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I am trying to write a code to calculate the potential and forces, for the same using ewald summation.For this purpose, the formula for potential and force I have used is :

$$ U = U^{(r)} + U^{(k)} + U^{(bc)} + U^{self} $$

where the k-space contribution of potential is given by $$ U^{(k)} = \frac{1}{2\pi L^{3}}\sum_{\textbf{k}\ne0} \frac{4\pi^2}{k^2}\text {e}^{-\frac{k^2}{4\kappa^2}}|S(\textbf k)|^2 \qquad S(\textbf k) = \sum_{i=1}^N z_i\text{e}^{i\textbf{k}.\text{r}_i} $$ $$ U^{(r)} = \sum_{j<i} \sum_{\textbf n=0}^{\infty}z_iz_j\frac{\text{erfc}(\kappa|\textbf{r}_{ij}+\textbf n|)}{|\textbf{r}_{ij}+\textbf n|} $$ $$ U^{(bc)} = \frac{2\pi}{3L^3}\bigg|\sum_{i=1}^Nz_i\textbf r_i \bigg|^2 \qquad U^{(self)} = \frac{\kappa}{\sqrt{\pi}}\sum_{i=1}^Nz_i^2 $$

and the force equations - $$ \textbf F_i = \textbf F_i^{(k)} +\textbf F_i^{(r)}+\textbf F_i^{(bc)} $$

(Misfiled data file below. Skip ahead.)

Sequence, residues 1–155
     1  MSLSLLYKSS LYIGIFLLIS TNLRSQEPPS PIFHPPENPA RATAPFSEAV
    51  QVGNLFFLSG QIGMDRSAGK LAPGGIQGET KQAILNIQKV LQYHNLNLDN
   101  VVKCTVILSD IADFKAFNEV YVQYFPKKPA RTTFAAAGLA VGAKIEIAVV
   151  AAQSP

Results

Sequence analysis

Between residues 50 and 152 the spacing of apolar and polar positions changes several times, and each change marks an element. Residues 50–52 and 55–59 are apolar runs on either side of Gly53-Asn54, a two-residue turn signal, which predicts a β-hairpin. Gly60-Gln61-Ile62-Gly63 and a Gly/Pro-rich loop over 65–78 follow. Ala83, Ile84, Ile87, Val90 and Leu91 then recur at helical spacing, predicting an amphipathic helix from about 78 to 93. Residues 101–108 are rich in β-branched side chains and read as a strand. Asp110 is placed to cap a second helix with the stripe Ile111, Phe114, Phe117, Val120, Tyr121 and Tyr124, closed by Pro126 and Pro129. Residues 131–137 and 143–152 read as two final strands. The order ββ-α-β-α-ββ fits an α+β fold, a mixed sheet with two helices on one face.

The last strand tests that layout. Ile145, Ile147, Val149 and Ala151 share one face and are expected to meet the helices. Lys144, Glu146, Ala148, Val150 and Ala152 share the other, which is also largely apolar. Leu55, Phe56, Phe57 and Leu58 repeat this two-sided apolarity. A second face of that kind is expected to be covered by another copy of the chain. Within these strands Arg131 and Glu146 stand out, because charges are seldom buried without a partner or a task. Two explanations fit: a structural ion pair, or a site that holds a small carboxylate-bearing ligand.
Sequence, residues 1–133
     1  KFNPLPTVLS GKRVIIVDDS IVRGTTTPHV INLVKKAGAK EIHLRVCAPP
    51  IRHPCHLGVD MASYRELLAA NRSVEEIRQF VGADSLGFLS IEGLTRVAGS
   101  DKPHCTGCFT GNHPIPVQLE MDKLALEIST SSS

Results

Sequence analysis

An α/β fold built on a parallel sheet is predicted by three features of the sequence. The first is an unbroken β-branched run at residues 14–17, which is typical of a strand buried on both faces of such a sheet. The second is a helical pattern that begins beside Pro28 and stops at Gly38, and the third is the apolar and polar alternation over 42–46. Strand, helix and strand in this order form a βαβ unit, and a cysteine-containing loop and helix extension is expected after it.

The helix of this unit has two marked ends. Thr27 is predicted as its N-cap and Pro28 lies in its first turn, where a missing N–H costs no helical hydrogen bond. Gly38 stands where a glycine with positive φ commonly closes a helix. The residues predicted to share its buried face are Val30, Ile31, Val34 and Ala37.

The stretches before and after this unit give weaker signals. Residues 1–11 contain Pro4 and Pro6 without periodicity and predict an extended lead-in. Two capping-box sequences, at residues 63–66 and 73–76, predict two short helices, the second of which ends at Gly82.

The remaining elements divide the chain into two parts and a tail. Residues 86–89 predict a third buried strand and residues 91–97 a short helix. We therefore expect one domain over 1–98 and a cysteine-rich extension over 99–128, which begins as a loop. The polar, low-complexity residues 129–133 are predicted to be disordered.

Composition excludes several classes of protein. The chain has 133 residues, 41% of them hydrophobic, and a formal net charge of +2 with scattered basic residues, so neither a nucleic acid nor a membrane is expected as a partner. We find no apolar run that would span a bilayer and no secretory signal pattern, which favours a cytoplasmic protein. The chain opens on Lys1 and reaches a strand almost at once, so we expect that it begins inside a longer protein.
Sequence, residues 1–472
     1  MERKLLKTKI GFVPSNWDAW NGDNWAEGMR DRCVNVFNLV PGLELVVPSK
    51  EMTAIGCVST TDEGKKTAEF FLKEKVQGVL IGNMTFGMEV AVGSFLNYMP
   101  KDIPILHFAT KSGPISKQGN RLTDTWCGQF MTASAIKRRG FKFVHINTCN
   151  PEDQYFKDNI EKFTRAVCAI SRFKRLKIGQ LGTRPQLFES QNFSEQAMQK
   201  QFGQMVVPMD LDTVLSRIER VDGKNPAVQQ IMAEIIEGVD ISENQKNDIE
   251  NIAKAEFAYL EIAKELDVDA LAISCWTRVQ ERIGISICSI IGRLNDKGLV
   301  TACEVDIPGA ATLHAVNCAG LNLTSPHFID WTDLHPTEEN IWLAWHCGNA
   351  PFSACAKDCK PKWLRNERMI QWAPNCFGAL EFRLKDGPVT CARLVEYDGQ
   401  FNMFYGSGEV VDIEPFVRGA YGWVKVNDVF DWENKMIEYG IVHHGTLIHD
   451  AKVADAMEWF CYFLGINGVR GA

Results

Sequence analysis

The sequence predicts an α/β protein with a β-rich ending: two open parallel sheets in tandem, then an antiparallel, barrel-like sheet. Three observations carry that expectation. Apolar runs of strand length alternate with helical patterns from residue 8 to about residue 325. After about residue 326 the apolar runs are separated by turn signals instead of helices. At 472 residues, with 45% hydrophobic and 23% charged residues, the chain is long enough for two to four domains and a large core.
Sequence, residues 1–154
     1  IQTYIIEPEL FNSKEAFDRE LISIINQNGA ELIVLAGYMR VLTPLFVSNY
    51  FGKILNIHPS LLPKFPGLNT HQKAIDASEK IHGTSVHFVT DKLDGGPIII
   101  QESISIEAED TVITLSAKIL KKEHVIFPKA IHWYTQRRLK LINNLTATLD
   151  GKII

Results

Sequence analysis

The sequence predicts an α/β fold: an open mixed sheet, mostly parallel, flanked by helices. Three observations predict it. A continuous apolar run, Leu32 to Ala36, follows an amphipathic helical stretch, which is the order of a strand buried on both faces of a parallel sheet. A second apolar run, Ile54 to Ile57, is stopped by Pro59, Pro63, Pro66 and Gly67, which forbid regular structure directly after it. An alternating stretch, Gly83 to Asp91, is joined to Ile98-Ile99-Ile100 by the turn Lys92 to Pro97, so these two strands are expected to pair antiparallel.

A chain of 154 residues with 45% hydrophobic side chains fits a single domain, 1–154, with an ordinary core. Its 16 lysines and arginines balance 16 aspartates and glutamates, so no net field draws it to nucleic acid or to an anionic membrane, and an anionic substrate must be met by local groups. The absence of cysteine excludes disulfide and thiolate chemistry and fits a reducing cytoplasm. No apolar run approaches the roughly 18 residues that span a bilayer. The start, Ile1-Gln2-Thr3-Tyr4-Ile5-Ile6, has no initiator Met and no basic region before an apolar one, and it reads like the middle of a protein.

$$ \textbf F_i^{(k)} = \frac{4\pi z_i}{2\pi L^3}\sum_{\textbf k\ne 0}\frac{\textbf k \text e^{\frac{-k^2}{4\kappa^2}}}{k^2}\bigg(\sin(\textbf k_i. \textbf r_i) \text {Re}(S(\textbf k)) + \cos(\textbf k_i. \textbf r_i) \text {Im}(S(\textbf k))\bigg) $$ and two more equations, which am tired of writing but kind of sure that they are correct !

I am currently using this method to solve for water molecules molecular dynamics simulation. The problem I am facing is the calculation of potential is highly dependent on $\kappa$, which it can be, but there is vast change in potential if I change $\kappa$ slightly. Secondly shouldn't the change with respect diminish beyond certain value, I don't see that also happening. Here is a segment of code used in k-space summation, I have my doubts on this part only :

!calculates the structure factor for each k-vector
    do i=0,kreq
        call struct_fact(kx(i),ky(i),kz(i),rx,ry,rz,q,nm,ns,sk_r(i),sk_i(i),cs,sn)
    end do

    !summing over all k-vectors
    k_sum = 0.d0
    const = 1/(4.d0*kappa*kappa)
    do i=0,kreq
        k_sum = k_sum + exp(-ksq(i)*const)*( sk_r(i)**2 + sk_i(i)**2 )/ksq(i)
    end do

    !calculation of force-vector for all sites in k-space
    ew_kfsx = 0.d0
    ew_kfsy = 0.d0
    ew_kfsz = 0.d0
    do k=0,kreq
        do i=1,nm
        do j=1,ns
            temp = sn(i,j)*sk_r(k) + cs(i,j)*sk_i(k)
            !print *, ( q(i,j)*temp*kx(i)*exp(-ksq(i)*const) )/ksq(i)
            ew_kfsx(i,j) = ( q(i,j)*temp*kx(k)*exp(-ksq(k)*const) )/ksq(k)